Avista’s Kettle Falls Generating Station is a biomass fuel generating plant in Kettle Falls, Wash. It began operating in October 1983 and celebrates its 25th year of operations in October 2008.
The plant burns wood waste to produce steam, which runs a turbine and generator that can produce a maximum output of 53 megawatts of electricity. The plant also operates a natural gas-fired combined-cycle combustion turbine that produces 8 MW, bringing the electricity output of the entire plant (including biomass and natural gas-fired operations) to 61 MW; enough electricity to power nearly 46,000 homes.
The plant was the first electric generating station of its kind constructed within the United States for the sole purpose of producing electricity from wood waste.
How the Plant and Biomass Works
- Wood waste – called “hog fuel” – is fed into a seven-story furnace/boiler and burned, creating heat. The walls of the furnace/boiler consist of pipes filled with water that are heated by the burning hog fuel. The optimal burning temperature is 2,000 degrees, resulting in a steam temperature of 950 degrees. The heated water generates stream and pressure that drives a turbine, which turns a generator, creating electricity.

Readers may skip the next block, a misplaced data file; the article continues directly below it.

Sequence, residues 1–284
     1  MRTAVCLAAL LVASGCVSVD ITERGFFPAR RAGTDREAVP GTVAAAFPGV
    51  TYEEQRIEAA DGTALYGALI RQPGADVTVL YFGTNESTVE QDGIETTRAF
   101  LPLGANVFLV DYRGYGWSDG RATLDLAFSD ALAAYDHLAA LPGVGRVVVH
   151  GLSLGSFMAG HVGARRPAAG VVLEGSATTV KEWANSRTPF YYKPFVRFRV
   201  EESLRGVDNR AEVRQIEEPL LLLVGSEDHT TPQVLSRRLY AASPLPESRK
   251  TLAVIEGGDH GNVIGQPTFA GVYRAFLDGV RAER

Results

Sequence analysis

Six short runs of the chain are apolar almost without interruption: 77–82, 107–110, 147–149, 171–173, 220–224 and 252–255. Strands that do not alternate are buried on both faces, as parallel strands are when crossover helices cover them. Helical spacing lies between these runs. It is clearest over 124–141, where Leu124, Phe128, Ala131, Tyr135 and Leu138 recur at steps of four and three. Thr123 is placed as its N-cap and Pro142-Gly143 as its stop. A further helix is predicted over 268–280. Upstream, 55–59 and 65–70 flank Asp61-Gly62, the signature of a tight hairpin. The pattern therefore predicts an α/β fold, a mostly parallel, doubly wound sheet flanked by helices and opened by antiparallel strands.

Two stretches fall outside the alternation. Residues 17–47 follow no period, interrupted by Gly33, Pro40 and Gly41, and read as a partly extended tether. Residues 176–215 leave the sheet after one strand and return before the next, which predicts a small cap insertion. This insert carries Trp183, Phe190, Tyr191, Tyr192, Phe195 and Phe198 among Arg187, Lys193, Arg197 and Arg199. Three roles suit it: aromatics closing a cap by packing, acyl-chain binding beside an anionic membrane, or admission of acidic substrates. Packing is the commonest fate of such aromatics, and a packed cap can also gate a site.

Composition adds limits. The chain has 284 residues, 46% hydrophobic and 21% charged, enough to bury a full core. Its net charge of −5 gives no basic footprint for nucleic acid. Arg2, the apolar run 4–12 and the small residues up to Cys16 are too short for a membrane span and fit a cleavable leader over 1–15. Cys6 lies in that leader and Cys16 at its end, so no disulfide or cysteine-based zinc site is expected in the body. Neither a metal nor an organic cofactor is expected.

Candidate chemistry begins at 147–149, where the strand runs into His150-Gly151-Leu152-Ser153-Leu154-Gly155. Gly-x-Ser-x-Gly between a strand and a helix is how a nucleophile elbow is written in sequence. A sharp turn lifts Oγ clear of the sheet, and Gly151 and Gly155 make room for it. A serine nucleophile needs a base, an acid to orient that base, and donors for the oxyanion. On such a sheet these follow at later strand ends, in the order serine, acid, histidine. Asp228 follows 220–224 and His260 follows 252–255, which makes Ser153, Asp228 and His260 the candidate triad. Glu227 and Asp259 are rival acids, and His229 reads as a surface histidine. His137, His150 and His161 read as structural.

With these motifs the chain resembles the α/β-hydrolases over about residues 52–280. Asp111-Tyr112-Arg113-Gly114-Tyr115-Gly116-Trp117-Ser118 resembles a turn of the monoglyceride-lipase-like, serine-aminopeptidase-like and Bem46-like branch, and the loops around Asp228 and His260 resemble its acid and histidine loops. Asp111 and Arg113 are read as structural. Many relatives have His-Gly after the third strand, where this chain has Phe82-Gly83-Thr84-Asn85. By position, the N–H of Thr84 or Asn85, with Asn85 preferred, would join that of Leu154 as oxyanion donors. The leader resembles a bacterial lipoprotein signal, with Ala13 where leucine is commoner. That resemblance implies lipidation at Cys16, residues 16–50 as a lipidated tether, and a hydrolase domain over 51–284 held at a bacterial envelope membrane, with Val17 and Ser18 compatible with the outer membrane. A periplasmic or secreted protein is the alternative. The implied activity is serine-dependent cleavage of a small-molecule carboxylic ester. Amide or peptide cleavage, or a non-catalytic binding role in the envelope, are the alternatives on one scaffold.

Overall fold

- The term “biomass energy” refers to the organic matter in trees, agricultural crops and other living plant material burned to create energy. Avista’s focus has centered on wood waste of various types.
- The plant burns 70 tons (140,000 pounds) of wood waster per hour during full operations. That amount of fuel would fill two fully loaded semi trucks.
The plant removes 99.9 percent of particulates from flue gas prior to leaving the stack. (.052 pounds of particulate is released per ton of fuel burned.)
The video below "From Wood Waste to Power" was created more than two decades ago and chronicles the dedication of Avista’s Kettle Falls Generating Station in 1983 while providing an overview of its early operations. Due to its age, some statements and facts in the video are dated.